Let's time travel back 2500 years to the Maya. They made a bitter chocolate drink made of ground cocoa seeds, water, chiles, and other spices. When the Spaniards came in the 16th century, it was still this bitter and spicy cocoa drink taken for its health benefits. 

After it was introduced in Europe, sugar was eventually added in the 17th century. It was an expensive drink since all ingredients were imported. Later in the same century, a British gentleman added milk. Of course.

It wasn't until the 19th century that the Dutch processed the beans into cocoa powder (and eventually to bar chocolate, hallelujah). I always buy "dutch process" cocoa powder because of the wonderful, smooth flavor but never thought about the name. The Dutch were the first to separate cocoa butter and cacao seeds, and the name stuck.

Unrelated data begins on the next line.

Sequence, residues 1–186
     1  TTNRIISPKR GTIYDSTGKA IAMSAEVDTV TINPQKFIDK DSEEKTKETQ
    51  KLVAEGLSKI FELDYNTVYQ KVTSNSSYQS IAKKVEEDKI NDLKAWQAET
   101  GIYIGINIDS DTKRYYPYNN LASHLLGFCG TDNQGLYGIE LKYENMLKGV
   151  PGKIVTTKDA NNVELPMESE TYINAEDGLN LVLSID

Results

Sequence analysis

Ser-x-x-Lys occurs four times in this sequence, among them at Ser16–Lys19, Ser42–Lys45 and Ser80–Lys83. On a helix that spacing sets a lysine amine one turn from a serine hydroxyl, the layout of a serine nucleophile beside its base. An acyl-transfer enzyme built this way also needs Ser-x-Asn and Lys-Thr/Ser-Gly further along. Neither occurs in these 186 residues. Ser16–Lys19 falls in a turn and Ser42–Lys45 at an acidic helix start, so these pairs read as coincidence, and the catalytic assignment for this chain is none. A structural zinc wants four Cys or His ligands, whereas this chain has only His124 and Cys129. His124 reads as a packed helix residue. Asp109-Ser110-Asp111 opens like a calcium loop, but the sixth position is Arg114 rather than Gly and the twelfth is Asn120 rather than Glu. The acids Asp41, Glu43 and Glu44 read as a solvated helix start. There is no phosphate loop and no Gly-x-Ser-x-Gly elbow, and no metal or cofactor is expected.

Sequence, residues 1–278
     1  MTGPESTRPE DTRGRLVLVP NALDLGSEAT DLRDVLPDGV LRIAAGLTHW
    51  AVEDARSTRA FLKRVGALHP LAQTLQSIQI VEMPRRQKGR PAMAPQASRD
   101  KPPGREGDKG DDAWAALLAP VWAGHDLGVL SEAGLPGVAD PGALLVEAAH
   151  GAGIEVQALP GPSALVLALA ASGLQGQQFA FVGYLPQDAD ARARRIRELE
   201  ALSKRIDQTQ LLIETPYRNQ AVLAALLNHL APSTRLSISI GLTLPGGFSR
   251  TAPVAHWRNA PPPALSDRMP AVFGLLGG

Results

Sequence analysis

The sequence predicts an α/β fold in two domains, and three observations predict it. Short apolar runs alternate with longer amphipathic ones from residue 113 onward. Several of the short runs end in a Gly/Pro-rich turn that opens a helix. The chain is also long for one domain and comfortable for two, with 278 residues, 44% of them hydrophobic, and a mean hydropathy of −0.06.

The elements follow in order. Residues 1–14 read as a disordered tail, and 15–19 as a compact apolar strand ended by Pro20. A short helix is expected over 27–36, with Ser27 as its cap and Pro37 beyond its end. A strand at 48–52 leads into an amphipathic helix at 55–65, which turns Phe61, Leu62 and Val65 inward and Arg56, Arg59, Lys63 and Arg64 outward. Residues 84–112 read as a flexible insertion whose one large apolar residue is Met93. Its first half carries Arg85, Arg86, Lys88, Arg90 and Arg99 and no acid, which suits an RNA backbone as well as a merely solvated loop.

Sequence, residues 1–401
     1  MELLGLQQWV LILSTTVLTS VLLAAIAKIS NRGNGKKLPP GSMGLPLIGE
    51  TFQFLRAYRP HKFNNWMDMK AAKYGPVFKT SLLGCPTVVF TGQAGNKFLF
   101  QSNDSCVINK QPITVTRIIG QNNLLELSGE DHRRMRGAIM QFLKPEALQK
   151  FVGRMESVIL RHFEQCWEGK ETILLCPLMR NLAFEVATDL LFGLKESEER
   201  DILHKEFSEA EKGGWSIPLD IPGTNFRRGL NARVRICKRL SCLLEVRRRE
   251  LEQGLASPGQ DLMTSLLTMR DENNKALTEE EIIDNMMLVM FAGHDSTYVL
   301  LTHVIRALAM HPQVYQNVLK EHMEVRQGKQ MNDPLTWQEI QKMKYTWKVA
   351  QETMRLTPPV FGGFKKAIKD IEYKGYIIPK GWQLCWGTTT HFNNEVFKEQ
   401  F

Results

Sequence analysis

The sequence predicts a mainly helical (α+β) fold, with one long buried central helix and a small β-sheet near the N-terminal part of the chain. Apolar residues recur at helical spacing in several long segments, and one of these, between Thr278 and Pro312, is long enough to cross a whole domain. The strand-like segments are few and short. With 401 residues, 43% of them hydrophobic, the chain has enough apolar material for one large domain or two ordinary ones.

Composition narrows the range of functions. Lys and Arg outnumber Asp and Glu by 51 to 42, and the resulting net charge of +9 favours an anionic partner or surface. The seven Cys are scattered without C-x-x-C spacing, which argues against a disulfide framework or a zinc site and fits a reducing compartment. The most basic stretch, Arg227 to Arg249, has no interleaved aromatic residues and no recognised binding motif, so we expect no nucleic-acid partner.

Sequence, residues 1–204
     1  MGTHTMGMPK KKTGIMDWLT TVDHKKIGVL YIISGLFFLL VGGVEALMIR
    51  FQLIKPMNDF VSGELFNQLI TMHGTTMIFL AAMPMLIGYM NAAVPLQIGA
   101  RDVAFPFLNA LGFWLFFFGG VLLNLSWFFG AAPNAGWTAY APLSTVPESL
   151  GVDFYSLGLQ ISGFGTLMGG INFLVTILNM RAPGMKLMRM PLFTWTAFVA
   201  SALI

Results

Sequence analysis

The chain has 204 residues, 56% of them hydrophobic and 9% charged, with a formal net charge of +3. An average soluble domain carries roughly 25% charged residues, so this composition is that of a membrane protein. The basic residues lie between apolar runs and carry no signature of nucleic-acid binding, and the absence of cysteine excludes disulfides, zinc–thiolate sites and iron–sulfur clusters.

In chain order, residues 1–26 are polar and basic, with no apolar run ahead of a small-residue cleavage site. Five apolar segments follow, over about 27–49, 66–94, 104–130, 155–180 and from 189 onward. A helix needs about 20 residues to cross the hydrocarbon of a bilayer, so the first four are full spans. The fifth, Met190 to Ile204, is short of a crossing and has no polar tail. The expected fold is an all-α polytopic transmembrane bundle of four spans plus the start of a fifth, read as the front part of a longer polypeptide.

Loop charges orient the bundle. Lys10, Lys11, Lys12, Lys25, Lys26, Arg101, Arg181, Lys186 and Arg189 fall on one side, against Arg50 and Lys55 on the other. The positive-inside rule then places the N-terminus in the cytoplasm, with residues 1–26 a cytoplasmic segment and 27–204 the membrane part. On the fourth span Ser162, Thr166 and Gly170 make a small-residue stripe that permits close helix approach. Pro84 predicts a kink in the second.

Fast forward a couple centuries:

Have you tried hot chocolate in Italy or Spain? I was shocked the first time I tried "hot chocolate" in Italy, after growing up with American instant powdered hot chocolate. The best way to describe it is an espresso cup of rich chocolate pudding. In Spain it's also a rich chocolate pudding (plus churros for dunking).

My cooking, traveling, and painting worlds collide- my favorite moments!

 心もあたたまる:"Also warms your heart"

心もあたたまる:"Also warms your heart"

I suppose my Christmas drink, my "Mexican hot chocolate" (a concoction of almond milk + dutch process cocoa powder + cinnamon stick) has little to do with the original form, but I'll keep stirring my cinnamon stick now as an ode to times long ago. 

Now with this wealth of hot cocoa knowledge, continue on with this merry December and enjoy the health benefits of good cocoa.

I meant my "hallelujah" very literally: